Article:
A similar increase in carboxyl content is found when the experiment is repeated with l,2-epoxy-3-isopropoxypropane.

Although the invention has been illustrated with specific reference to polyethylene terephthalate, it is apparent that the inventive concept extends to other linear fiber-forming polyesters, and particularly to the linear terephthalate polyesters. By linear terephthalate polyester is meant a linear condensation polyester comprising recurring glycol dicarboxylate structural units in which at least about 85% of the recurring structural units are units of the formula:

wherein G- represents a divalent organic radical containing from about 2 to about 18 carbon atoms which is attached to the adjacent oxygen atoms by saturated carbon atoms. Preferably, the radical G con tains from 2-10 carbon atoms. The terephthalate radical may be the sole dicarboxylate constituent of the recurring structural units, or up to about of the structural units may contain other dicarboxylate radicals such as adipate, sebacate, isophthalate, bibenzoate, hexahydroterephthalate, and like radicals.

The polymer treated in accordance with the process of this invention, and containing a reduced concentration of carboxyl groups, is most useful in the form of yarns and cords for reinforcing elastomeric articles.

The advantages appear most prominently in pneumatic tires and V-belts, but the yarns and cords are also useful in reinforcing flat belts, tarpaulins and other rubber covered fabrics, hydraulic hose for use in automobiles and other vehicles, reinforced rubber bellows in airspring suspension systems for automotive vehicles, steam hose, and the like.

Since many different embodiments of the invention may be made without departing from the spirit and scope thereof, it is to be understood that the invention is not limited by the specific illustrations except to the extent defined in the following claims.

I claim:

1. in the preparation of synthetic linear terephthalate condensation polyester in which at least about of the recurring structural units are units of the formula:

wherein G- represents a divalent organic radical containing from about 2 to about 18 carbon atoms which is attached to the adjacent oxygen atoms by saturated carbon atoms, the improvement which comprises reducing the content of free carboxyl groups in the polyester by mixing the polyester in molten form for 1 minute to about 45 minutes with a liquid organic monoepoxide represented by the formula:

where R is a monovalent phenyl or n-hexyl radical, the organic monoepoxide being added to the polyester after polymerization of the polyester to an intrinsic viscosity of at least 0.56, when determined for solutions of the polyester in phenol/trichlorophenol at 25C., and being added in an amount providing less than 3 mol per cent based on the polyester and at least 0.1 mol per equivalent of free carboxyl groups present in the polyester prior to addition of the monoepoxide.

2. A process as defined in claim 1 wherein the monoepoxide is l,2epoxy-3-phenoxypropane.

3. A process as defined in claim 11 wherein the monoepoxide is 1,2-epoxy-3-n-hexyloxypropane.

4. A process as defined in claim 1 wherein the monoepoxide is added to and mixed with the molten polyester under superatmospheric pressure.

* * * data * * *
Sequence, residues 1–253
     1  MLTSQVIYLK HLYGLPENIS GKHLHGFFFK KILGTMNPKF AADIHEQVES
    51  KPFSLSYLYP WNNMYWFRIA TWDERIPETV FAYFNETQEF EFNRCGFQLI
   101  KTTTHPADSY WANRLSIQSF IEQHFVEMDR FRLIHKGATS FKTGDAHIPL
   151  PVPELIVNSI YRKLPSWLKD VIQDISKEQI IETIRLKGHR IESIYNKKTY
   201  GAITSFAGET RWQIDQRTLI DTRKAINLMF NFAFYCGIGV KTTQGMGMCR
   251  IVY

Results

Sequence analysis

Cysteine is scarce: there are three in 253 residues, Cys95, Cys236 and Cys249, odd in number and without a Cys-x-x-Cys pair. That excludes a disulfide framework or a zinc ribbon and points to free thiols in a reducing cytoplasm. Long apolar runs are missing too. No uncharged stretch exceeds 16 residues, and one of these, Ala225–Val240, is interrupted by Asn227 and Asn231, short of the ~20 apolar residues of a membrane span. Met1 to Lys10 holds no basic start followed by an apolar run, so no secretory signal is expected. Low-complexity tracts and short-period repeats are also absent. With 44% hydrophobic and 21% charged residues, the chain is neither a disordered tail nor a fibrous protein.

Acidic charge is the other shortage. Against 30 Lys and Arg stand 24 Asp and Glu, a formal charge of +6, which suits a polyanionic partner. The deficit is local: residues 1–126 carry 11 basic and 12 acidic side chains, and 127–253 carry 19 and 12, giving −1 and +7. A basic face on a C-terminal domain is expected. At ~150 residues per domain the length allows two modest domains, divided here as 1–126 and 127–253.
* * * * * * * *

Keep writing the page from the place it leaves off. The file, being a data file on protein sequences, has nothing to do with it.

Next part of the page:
5. A process as defined in claim. 1 wherein said polyester after polymerization has a relative viscosity of at least 45, determined as a 10% solution at 25C. in a mixture of 10 parts phenol and 7 parts 2,4,6- trichlorophenol by weight.

6. A process as defined in claim 5 wherein the polyes' ter is prepared by ester interchange reaction in the presence of manganous acetate catalyst followed by melt polymerization in the presence of phosphoric acid to at least 45 relative viscosity before adding the monoepoxide to the molten polyester, the molar ratio of phosphoric acid to manganous acetate being within the 5 range of 0.9-2.0 to l.

carboxyl groups in a synthetic linear fiber forming polyethylene terephthalate comprising reacting said polyethylene terephthalate in molten form with l,2-epoxy- 3-phen0xy propane in an amount between O.5 and 2.0 weight percent based on the polyethylene terephthalate.

Patent Citations
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Referenced by
Citing PatentFiling datePublication dateApplicantTitle
US4016142 *Nov 9, 1966Apr 5, 1977Millhaven Fibers, Ltd.Process for the control of carboxyl end groups in fiber-forming polyesters
US4071504 *Feb 17, 1976Jan 31, 1978The Goodyear Tire & Rubber CompanyProcess for producing low carboxyl polyester fibers and other articles
US4075177 *Jan 12, 1976Feb 21, 1978Manufacture De Produits Chimiques ProtexThermally hardenable cationic resin from dicarboxylic acid, dialkanolamine and polyamine copolymer condensed with epichlorohydrin
US4102869 *Nov 5, 1976Jul 25, 1978Mobil Oil CorporationFast-curing coating compositions
US4122063 *Nov 2, 1970Oct 24, 1978Millhaven Fibres, Ltd.Treating polyethylene terephthalate with 1,2-epoxy-3-phenoxypropane and triphenylphosphite
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US7846544 *Jul 5, 2006Dec 7, 2010Teijin Fibers Limited(Dope-dyed) polyester core-sheath monofilament having specific core/sheath intrinsic viscosity
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EP3115409A1Jul 10, 2015Jan 11, 2017Hexion Research Belgium SAOdorless polyester stabilizer compositions
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Classifications
U.S. Classification525/437, 528/297, 528/286, 152/451, 528/275
International ClassificationC08G63/78, C08G63/42, C08G63/00
Cooperative ClassificationC08G63/42, C08G63/785
European ClassificationC08G63/42, C08G63/78A